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Review of the Day: Courage Has No Color by Tanya Lee Stone

Courage Has No Color: The True Story of the Triple Nickles, America’s First Black Paratroopers
By Tanya Lee Stone
Candlewick Press
ISBN: 978-0-7636-5117-6
Ages 10 and up
On shelves now

If I were able to sit down with my small, childhood self to render advice about the world, I’d probably just hand myself a series of thoughts about subjects I was forced to learn about in school. For example, I would probably mention right off the bat that though my textbooks made it infinitely clear that American history consists only of a series of distinct separate moments in time (Pilgrims, Colonial American, Revolutionary War, etc. etc.) history is not a static thing. We are always learning more. Heck, there are elements and angles to it that go well and truly beyond what they’re able to cover in school. So those kids that once only ever learned about Ellis Island are now learning and hearing about Angel Island as well. We might learn about the accomplishments of our Founding Fathers, but we’re finally getting a better sense of the fact that they were slaveholders as well. And then there’s WWII. I don’t know about you, but usually my history class sort of raced over WWII when we learned about it. You had your Allied Forces, Hitler, Pearl Harbor, atom bomb, and that was that. So in the midst of all this I can be nothing but pleased with Tanya Lee Stone’s Courage Has No Color. Having already established herself as capable of giving voice to missed historical opportunities, Stone turns her attention to a core group of brave professionals that risked everything and managed to do a great deal of good in spite of the obstacles they encountered along the way.

The history of African-Americans serving in the military has always had its pitfalls and problems. Yet one of the stories too little known concerns The Triple Nickles and their work during the war years. In 1943 Walter Morris, a black serviceman in charge of an African-American unit, could see that his troop’s morale was dangerously low. In light of this he got permission to train his men the same way the white paratroopers at Fort Benning, GA were being trained. In time, their work paid off and President Roosevelt’s order to create an all-black paratrooper unit fell on them. All would have been right as rain but instead of being sent into battle they were instead told to fight fires on the west coast. Little did they suspect that this seeming busywork was actually fighting an enemy closer at hand than anyone had ever suspected. Peppered with art from artist and serviceman Ashley Bryan, Stone’s book takes its cues from original primary sources, interviews with the subjects themselves, and produces one of the finest looks into these heroes too little lauded in their day.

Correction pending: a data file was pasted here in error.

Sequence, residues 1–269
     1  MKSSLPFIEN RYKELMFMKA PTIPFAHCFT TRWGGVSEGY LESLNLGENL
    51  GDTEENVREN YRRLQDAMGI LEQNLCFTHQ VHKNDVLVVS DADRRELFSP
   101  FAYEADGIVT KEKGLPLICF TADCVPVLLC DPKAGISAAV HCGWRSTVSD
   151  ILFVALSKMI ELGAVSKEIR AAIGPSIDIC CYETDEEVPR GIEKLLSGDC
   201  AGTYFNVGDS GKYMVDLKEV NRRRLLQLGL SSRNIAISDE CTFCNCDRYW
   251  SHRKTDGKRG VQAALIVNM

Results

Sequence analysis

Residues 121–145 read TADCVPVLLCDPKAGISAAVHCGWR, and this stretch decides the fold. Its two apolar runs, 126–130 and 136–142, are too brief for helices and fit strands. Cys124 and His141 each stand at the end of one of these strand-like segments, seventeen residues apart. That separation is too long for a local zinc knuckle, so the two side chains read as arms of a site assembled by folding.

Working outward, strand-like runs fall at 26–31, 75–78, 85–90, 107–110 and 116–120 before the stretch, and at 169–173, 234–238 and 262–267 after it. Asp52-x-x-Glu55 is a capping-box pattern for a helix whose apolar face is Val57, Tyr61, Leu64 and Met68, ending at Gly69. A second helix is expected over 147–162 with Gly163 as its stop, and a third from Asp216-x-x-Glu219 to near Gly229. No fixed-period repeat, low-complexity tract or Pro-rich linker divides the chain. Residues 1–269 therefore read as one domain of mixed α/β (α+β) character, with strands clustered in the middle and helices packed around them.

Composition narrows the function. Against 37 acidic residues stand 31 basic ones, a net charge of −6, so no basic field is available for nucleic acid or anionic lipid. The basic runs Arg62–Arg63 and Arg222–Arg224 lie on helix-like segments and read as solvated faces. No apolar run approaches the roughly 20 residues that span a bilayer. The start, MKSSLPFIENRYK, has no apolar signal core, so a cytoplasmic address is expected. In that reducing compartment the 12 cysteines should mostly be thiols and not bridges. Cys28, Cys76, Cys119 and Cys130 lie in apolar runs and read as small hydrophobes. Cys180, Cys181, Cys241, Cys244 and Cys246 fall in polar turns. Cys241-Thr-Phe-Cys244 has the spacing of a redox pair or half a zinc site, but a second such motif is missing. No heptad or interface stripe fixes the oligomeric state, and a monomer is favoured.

It’s not entirely facetious to say that Stone distinguishes herself by specializing in the art of the unfulfilled. Put another way, how on earth does one go about writing about dashed dreams and promises that never came to be without writing a narrative dipped up to its ears in depression? Courage Has No Color is hardly the first book for young people about military groups of black individuals that faced prejudice both on and off the battlefield. The Harlem Hellfighters When Pride Met Courage and Unsung Heroes of World War II The Story of the Navajo Code Talkers both immediately come to mind. What distinguishes The 555th Parachute Infantry Battalion is that they were never given a chance to perform in battle. Much like the women of her Almost Astronauts, these men trained and were denied their moment of glory. But rather than make this book a depressing account of what these men didn’t get a chance to do, Stone takes the time to instead show everything that they accomplished in the course of their lives. Not just their work as fire fighters, but also how their sacrifice paved the way for future battalions and future paratroopers.